systemd-firstboot initializes the most basic system settings
interactively on the first boot, or optionally non-interactively when
a system image is created. The service is started if
ConditionFirstBoot=yes is satisfied. This essentially means that /etc
is empty, see systemd.unit(5) for details.
The following settings may be set up:
· The system locale, more specifically the two locale variables
LANG= and LC_MESSAGES
· The system time zone
· The system host name
· The machine ID of the system
· The root user's password
Each of the fields may either be queried interactively by users, set
non-interactively on the tool's command line, or be copied from a
host system that is used to set up the system image.
If a setting is already initialized, it will not be overwritten and
the user will not be prompted for the setting.
Note that this tool operates directly on the file system and does not
involve any running system services, unlike localectl(1),
timedatectl(1) or hostnamectl(1). This allows systemd-firstboot to
operate on mounted but not booted disk images and in early boot. It
is not recommended to use systemd-firstboot on the running system
while it is up.
The following options are understood:
Takes a directory path as an argument. All paths will be prefixed
with the given alternate root path, including config search
paths. This is useful to operate on a system image mounted to the
specified directory instead of the host system itself.
Sets the system locale, more specifically the LANG= and
LC_MESSAGES settings. The argument should be a valid locale
identifier, such as "de_DE.UTF-8". This controls the
locale.conf(5) configuration file.
Sets the system time zone. The argument should be a valid time
zone identifier, such as "Europe/Berlin". This controls the
Sets the system hostname. The argument should be a host name,
compatible with DNS. This controls the hostname(5) configuration
Sets the system's machine ID. This controls the machine-id(5)
Sets the password of the system's root user. This creates a
shadow(5) file. This setting exists in two forms:
--root-password= accepts the password to set directly on the
command line, and --root-password-file= reads it from a file.
Note that it is not recommended to specify passwords on the
command line, as other users might be able to see them simply by
--prompt-locale, --prompt-timezone, --prompt-hostname,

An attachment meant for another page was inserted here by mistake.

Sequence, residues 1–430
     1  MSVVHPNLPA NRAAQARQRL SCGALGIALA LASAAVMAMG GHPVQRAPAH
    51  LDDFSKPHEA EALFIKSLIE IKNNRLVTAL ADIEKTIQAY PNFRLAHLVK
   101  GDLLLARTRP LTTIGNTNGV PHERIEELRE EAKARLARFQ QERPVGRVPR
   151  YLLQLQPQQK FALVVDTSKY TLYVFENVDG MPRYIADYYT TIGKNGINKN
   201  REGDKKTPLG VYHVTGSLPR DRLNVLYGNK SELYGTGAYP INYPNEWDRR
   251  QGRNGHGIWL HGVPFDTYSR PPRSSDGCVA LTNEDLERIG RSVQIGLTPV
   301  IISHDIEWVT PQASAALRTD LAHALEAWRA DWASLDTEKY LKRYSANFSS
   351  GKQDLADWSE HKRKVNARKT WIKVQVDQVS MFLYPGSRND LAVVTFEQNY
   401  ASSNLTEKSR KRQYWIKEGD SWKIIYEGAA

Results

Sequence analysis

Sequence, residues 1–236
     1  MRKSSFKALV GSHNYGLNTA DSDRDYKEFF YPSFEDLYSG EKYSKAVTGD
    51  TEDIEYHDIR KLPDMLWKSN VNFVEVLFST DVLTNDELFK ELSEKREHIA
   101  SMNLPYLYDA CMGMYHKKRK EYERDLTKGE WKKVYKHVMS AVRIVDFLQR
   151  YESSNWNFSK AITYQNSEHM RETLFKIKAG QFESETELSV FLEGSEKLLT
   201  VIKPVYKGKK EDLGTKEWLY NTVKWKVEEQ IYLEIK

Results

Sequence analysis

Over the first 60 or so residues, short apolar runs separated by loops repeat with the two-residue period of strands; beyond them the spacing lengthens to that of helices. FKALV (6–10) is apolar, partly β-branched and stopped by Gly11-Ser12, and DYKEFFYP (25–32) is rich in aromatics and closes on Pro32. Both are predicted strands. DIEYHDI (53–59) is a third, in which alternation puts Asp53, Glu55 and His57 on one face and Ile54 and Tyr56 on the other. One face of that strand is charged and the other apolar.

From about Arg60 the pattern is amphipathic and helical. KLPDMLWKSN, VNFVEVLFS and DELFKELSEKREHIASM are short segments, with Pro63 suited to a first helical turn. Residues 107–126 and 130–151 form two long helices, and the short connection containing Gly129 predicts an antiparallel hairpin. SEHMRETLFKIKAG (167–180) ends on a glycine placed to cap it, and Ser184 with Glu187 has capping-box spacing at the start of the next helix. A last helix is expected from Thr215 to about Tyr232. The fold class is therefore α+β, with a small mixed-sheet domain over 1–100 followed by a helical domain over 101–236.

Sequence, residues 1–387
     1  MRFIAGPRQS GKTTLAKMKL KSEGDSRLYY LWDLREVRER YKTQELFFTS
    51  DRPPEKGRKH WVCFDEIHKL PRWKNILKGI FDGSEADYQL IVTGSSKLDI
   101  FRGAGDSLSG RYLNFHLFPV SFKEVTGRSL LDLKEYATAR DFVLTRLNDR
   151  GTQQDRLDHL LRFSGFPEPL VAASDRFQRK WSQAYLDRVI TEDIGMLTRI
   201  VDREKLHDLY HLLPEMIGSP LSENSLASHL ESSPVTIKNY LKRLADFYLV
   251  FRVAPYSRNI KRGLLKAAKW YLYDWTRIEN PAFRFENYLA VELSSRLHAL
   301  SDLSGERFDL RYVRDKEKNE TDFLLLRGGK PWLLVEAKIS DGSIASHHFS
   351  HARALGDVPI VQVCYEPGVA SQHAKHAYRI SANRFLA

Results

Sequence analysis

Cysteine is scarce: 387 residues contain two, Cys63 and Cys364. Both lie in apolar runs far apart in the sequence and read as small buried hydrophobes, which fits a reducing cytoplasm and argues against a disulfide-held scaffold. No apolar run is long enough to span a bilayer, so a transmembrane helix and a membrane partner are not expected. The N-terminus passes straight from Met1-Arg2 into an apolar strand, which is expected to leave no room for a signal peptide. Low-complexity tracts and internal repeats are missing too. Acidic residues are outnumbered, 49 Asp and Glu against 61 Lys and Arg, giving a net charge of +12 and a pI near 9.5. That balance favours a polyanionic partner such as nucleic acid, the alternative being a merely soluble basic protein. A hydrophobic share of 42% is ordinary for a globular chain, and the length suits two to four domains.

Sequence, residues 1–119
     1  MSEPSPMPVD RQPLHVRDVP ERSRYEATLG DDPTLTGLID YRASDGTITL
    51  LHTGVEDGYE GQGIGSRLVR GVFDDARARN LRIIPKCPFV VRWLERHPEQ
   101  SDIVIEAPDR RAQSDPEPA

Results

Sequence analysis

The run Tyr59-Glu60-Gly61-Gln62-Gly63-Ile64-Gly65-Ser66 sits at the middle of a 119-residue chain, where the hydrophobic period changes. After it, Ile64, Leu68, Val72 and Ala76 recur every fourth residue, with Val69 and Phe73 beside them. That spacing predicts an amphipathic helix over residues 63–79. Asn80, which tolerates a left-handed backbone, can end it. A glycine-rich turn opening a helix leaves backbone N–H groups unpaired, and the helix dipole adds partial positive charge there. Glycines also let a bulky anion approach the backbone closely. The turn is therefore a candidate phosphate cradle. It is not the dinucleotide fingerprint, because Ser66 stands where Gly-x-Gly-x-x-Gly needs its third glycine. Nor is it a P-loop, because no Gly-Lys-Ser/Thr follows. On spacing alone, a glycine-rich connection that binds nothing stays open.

Prompt the user interactively for a specific basic setting. Note
that any explicit configuration settings specified on the command
line take precedence, and the user is not prompted for it.
Query the user for locale, timezone, hostname and root password.
This is equivalent to specifying --prompt-locale,
--prompt-timezone, --prompt-hostname, --prompt-root-password in
--copy-locale, --copy-timezone, --copy-root-password
Copy a specific basic setting from the host. This only works in
combination with --root= (see above).
Copy locale, time zone and root password from the host. This is
equivalent to specifying --copy-locale, --copy-timezone,
--copy-root-password in combination.
Initialize the system's machine ID to a random ID. This only
works in combination with --root=.
Print a short help text and exit.
Print a short version string and exit.
Takes a boolean argument, defaults to on. If off,
systemd-firstboot.service won't interactively query the user for
basic settings at first boot, even if those settings are not
This page is part of the systemd (systemd system and service manager)
project. Information about the project can be found at
⟨http://www.freedesktop.org/wiki/Software/systemd⟩. If you have a bug
report for this manual page, see
page was obtained from the project's upstream Git repository
⟨https://github.com/systemd/systemd.git⟩ on 2017-03-13. If you dis‐
cover any rendering problems in this HTML version of the page, or you
believe there is a better or more up-to-date source for the page, or
you have corrections or improvements to the information in this
COLOPHON (which is not part of the original manual page), send a mail
systemd 233 SYSTEMD-FIRSTBOOT(1)